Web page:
The economic downturn continues to affect the merchant account payment processing business. Payment processors and card issuers make the most money on when consumers use credit cards to pay for purchases. Debit cards are somewhat less profitable. And, of course, no money is made when consumers pay by cash.
This holiday season, 71% of consumers will pay for purchases using cash or debit cards, according to the National Retail Federation. A survey conduct by USAA reports that two-thirds of holiday shoppers plan to use cash more often than in 2008.
People tend to spend more money when using credit cards to make purchases. Therefore, shoppers using debit cards or cash will spend less because it’s “real money” as opposed to credit to be paid at some future date. Debit card spenders will buy more than those paying cash, but it’s still significantly less than if the buyer uses a credit card.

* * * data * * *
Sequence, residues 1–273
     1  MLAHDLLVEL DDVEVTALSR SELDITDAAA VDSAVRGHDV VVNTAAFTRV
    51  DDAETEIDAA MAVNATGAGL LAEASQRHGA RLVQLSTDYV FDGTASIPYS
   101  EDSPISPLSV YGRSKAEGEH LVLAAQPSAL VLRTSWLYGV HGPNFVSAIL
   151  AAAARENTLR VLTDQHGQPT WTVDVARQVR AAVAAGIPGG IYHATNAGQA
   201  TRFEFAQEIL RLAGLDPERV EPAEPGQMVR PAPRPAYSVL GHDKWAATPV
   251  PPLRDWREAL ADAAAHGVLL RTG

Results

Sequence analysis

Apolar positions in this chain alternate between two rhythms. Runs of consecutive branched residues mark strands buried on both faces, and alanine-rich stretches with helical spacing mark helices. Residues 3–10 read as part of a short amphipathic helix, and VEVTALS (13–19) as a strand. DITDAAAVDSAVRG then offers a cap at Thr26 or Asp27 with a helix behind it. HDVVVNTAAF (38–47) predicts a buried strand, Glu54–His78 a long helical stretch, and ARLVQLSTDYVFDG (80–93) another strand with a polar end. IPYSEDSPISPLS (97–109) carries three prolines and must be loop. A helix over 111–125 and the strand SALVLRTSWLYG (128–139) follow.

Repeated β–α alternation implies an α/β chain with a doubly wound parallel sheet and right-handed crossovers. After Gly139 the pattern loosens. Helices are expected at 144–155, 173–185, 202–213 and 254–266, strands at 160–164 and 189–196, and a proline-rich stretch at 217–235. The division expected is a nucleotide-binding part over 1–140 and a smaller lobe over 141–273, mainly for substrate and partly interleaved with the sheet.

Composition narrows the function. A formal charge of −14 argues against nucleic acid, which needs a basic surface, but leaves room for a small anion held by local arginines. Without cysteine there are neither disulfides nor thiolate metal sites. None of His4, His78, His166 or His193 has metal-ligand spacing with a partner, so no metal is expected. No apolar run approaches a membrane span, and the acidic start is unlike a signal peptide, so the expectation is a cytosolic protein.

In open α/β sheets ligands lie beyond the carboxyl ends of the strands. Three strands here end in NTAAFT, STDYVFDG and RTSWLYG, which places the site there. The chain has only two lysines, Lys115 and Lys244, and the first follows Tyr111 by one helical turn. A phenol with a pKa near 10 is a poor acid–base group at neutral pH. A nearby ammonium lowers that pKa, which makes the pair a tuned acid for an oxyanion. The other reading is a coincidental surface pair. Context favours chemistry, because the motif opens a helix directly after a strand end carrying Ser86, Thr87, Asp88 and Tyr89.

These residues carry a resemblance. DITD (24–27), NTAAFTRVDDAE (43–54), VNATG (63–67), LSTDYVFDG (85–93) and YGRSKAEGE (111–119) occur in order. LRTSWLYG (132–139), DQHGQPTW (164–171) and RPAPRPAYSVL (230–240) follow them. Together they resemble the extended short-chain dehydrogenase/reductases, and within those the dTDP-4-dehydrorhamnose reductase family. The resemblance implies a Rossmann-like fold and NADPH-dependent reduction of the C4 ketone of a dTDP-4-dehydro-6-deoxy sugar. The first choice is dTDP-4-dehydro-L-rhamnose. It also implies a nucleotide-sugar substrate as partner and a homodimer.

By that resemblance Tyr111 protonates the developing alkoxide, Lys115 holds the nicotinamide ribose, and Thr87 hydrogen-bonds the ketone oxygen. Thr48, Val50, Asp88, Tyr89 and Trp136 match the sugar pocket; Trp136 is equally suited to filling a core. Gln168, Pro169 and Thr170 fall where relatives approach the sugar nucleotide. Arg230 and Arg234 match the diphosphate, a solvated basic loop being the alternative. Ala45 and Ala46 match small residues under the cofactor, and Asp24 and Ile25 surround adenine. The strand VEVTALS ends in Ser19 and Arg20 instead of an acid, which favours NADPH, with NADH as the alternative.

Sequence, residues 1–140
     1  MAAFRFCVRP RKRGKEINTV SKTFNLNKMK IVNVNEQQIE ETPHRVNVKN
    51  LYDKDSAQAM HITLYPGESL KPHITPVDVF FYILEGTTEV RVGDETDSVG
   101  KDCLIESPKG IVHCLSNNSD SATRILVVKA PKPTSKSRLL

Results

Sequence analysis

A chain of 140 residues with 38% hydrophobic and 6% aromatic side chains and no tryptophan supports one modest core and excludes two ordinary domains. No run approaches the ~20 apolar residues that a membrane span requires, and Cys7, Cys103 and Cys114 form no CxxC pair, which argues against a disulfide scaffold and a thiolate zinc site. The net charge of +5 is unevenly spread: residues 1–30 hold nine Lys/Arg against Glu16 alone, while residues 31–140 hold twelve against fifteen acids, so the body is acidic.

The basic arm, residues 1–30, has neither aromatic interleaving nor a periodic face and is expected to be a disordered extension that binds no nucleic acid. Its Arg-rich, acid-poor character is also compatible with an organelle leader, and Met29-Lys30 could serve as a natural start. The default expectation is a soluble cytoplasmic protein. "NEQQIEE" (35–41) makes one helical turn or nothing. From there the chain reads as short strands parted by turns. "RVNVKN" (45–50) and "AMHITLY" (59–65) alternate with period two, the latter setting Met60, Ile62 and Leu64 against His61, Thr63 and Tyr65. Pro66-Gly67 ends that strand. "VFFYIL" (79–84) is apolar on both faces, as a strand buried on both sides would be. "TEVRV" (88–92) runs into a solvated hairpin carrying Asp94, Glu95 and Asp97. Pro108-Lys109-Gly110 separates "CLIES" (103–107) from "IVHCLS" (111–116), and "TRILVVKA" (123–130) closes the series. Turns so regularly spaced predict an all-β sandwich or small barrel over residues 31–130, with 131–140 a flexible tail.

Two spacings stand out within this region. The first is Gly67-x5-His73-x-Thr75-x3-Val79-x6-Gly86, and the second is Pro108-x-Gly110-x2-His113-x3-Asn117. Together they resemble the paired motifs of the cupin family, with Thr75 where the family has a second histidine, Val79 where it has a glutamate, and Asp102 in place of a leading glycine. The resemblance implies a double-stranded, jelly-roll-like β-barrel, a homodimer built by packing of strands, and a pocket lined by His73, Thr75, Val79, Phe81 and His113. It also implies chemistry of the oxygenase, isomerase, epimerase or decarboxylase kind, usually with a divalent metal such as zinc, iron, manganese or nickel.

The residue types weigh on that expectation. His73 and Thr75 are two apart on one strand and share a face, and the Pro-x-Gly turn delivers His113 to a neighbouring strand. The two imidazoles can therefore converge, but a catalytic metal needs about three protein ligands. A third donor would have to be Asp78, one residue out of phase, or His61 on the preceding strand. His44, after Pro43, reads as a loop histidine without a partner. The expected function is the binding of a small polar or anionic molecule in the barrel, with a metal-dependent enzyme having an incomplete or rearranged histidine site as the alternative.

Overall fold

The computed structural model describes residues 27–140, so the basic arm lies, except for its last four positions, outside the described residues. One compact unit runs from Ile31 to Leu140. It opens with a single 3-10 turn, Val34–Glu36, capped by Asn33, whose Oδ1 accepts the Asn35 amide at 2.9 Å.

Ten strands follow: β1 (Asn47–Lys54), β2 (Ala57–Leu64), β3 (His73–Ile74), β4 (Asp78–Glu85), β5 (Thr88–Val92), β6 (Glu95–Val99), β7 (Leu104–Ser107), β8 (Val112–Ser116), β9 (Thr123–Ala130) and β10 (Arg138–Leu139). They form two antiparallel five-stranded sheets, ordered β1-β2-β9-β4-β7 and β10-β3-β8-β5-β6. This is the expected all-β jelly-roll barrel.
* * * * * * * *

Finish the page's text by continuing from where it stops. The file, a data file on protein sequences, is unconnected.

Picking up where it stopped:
Paper checks will continue to drop off as debit cards overtake check payments for most retail purchases. For online purchase, the trend towards paying for cash will help increase payments by echecks. Since cash is not an online payment method, people will authorize and electronic check payment.
The shift away from credit cards is good for shoppers in that future debt is avoided. But, it’s bad for credit card payment processors who are already experiencing serious margin squeezes eroding profitability.
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